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I have a bin on the shelf near my desk, just a regular bin to keep paperwork that you can find in any office supply store. I inherited it along with the other usual supplies when I joined GCI magazine; it had been labeled “Purgatory.” I have no idea what files it had held for punishment, but it has become a storage place for the “purification” of ideas. Besides the materials that are sent to me and end up in the bin, bits of torn out magazines and newspapers find their way there—waiting for the ideas they contain to spark something more that the editors of GCI can run with.
One now discoloring piece is a blurb that I tore from my local paper in March 2010, and it is apropos to this issue, with its focus on anti-aging: “A man stole eight bottles of anti-aging products and four bottles of regenerating serum, items worth a total of $323, from CVS ... ” My first thought was, “Wow. That’s a lot of product.” My second thought (showing I’ve caught on to thinking about consumers in targeted segments) was, “I wonder how old this guy is?” I mean, is he looking to head off the aging process at the pass? And what product types would suit those needs best? Another thought that now occurs to me is that for all the brand owners looking for entrée into the men’s market, I think we found a consumer study candidate— check out Alisa Marie Beyer’s Testing, Testing ... 1, 2, 3 for real insight into consumer studies.
Regardless of what attracted this Dorian Gray kleptomaniac, it is clear consumers as a whole are looking for the newest breakthroughs in anti-aging—and are also expecting better results and more choices. In New Solution for Anti-aging, Shyam Gupta and Linda Walker consider the application of osmoprotection for multifunctional skin care, notably to address signs of aging. It is relatively new, but early indications suggest the potential for anti-aging products that will capture consumers’ imaginations. One of the signs of aging that osmoprotection addresses is intracellular inflammation, and Marie Alice Dibon contributes Inflammation and Aging, noting that low-level irritants can trigger an almost ongoing inflammatory reaction that is a major culprit in aging skin—described as inflamm-aging. Dibon writes that addressing inflamm-aging involves fighting the external damage by using anti-inflammatory compounds and antioxidant compounds; fighting cellular damage and fighting protein oxidation. And according to several articles published in late January, scientists have found a protein that acts as a “master switch” to determine whether certain white blood cells will boost or dampen inflammation. I wonder what implications this switch may have in the development of cosmetic products.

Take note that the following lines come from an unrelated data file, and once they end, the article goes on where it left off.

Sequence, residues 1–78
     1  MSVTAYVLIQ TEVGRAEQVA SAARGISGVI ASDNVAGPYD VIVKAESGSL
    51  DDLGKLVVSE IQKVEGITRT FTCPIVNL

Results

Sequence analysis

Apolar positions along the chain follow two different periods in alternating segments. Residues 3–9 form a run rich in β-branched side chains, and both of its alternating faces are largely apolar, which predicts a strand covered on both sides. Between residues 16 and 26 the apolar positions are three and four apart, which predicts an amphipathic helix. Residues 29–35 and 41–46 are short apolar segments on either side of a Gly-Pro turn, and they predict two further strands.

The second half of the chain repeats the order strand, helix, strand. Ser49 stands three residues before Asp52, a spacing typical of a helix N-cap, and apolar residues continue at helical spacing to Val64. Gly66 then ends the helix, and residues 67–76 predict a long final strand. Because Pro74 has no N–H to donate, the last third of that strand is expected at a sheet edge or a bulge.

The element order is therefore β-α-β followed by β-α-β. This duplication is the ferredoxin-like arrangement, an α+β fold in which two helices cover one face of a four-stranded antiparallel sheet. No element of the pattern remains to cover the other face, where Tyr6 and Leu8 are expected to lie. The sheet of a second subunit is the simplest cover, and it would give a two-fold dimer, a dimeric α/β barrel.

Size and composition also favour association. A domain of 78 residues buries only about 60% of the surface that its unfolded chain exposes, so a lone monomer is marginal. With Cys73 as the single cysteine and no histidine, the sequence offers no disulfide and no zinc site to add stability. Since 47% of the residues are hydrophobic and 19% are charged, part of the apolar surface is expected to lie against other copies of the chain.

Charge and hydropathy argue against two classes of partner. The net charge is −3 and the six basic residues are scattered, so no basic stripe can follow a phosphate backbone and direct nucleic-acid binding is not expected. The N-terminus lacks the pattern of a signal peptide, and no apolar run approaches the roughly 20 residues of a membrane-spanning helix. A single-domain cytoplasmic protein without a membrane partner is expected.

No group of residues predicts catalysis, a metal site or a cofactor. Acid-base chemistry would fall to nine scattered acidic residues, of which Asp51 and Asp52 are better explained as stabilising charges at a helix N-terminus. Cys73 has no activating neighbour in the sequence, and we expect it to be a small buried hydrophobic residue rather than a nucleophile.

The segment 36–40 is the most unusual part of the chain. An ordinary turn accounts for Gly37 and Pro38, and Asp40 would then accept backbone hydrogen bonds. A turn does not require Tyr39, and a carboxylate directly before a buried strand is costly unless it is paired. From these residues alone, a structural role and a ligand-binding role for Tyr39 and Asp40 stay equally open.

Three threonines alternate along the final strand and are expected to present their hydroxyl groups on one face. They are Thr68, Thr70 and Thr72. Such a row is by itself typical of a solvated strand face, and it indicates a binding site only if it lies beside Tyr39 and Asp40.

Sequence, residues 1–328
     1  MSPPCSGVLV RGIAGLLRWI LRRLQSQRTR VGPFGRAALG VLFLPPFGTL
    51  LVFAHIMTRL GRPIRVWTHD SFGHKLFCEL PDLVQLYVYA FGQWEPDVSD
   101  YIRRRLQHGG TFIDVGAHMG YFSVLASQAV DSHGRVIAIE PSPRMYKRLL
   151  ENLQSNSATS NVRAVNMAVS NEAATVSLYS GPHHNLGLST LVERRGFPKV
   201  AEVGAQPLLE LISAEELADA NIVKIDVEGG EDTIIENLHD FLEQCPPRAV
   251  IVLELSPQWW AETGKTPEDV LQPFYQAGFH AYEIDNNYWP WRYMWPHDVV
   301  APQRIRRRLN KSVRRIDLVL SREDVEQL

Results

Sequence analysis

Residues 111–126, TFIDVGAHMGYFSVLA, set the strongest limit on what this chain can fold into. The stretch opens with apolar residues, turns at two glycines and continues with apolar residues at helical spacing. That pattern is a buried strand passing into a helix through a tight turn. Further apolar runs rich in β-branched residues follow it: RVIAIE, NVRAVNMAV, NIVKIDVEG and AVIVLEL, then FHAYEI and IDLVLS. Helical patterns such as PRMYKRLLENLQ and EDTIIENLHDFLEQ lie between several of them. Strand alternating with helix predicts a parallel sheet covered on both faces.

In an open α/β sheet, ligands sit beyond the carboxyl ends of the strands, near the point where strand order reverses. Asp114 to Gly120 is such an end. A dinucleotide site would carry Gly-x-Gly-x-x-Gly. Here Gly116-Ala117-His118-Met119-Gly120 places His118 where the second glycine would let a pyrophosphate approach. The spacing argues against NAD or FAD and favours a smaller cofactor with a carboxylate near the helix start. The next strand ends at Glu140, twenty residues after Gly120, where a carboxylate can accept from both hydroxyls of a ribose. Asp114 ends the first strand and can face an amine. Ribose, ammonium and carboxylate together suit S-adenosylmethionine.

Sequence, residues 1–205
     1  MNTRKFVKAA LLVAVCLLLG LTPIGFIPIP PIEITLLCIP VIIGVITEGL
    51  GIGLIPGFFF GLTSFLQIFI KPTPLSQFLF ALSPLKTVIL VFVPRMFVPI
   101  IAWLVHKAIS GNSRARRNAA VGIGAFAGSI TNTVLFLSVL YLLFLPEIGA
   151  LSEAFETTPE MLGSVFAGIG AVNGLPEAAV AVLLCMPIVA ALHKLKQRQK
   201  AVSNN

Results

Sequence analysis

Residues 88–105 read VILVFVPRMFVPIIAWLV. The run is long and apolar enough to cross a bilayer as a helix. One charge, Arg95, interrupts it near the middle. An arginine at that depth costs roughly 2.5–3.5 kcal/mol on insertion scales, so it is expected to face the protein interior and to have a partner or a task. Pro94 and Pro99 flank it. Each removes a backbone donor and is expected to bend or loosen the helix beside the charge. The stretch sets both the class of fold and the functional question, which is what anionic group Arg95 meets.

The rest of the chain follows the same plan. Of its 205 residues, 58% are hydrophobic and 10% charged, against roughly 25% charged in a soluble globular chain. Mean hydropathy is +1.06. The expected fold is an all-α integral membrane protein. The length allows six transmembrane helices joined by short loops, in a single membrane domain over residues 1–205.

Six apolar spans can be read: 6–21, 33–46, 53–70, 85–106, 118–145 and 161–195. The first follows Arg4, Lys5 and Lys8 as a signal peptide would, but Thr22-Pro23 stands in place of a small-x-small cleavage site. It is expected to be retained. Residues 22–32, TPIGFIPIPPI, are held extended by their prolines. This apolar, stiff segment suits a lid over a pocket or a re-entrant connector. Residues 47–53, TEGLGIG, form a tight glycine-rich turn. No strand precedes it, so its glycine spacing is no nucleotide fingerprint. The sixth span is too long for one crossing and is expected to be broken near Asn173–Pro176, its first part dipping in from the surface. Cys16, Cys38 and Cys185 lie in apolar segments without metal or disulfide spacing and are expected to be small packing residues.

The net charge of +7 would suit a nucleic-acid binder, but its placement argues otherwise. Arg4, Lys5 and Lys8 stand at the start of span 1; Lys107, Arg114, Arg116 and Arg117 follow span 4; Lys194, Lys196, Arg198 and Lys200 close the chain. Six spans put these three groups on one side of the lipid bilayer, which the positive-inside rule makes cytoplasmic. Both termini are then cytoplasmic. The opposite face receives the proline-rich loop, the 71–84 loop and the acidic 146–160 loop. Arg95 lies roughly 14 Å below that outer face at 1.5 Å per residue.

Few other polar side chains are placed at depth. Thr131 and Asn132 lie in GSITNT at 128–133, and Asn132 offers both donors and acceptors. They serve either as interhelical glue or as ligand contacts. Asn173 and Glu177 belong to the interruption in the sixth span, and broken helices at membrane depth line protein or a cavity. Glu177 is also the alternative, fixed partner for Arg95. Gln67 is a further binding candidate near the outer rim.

In the March 2011 issue, Eva Martin Fernandez, MWV’s European marketing manager, writes about the importance of consumer insight, notably of French consumers, and the impact on brand strategies and the packaging that fulfills these strategies. At about the time I was editing this contribution, I received an email with information on the efforts of Shelley Bausch, Dow Corning vice president and global executive director, Xiameter brand, and Dirk Soontjens, Dow Corning Hair Care global marketing manager, toward meeting the needs of a specific market and consumer through product customization based on market data/consumer insight and served through appropriate/innovative supply chains.
Soontjens tells us the starting point for developing formula/products for specific target consumers/markets always has to focus on consumer needs. In other words, specific claims and positioning essentially respond to consumer needs and an inherent trend toward individualization. And, according to Bausch, “consumer demand and stricter regulation in emerging and developing countries are leading to a growing emphasis on maintaining a ‘green’ supply chain.”